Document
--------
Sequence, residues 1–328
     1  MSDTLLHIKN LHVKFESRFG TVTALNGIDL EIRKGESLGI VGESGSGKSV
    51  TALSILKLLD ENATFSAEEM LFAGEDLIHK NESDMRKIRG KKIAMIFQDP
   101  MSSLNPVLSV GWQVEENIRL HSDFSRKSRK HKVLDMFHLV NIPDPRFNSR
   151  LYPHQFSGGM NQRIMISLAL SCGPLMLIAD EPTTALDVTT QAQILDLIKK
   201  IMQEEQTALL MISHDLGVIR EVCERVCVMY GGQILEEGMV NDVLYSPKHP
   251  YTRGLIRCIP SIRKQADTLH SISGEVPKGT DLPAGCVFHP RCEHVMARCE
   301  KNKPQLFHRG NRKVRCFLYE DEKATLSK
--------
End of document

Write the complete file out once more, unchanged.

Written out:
Sequence, residues 1–328
     1  MSDTLLHIKN LHVKFESRFG TVTALNGIDL EIRKGESLGI VGESGSGKSV
    51  TALSILKLLD ENATFSAEEM LFAGEDLIHK NESDMRKIRG KKIAMIFQDP
   101  MSSLNPVLSV GWQVEENIRL HSDFSRKSRK HKVLDMFHLV NIPDPRFNSR
   151  LYPHQFSGGM NQRIMISLAL SCGPLMLIAD EPTTALDVTT QAQILDLIKK
   201  IMQEEQTALL MISHDLGVIR EVCERVCVMY GGQILEEGMV NDVLYSPKHP
   251  YTRGLIRCIP SIRKQADTLH SISGEVPKGT DLPAGCVFHP RCEHVMARCE
   301  KNKPQLFHRG NRKVRCFLYE DEKATLSK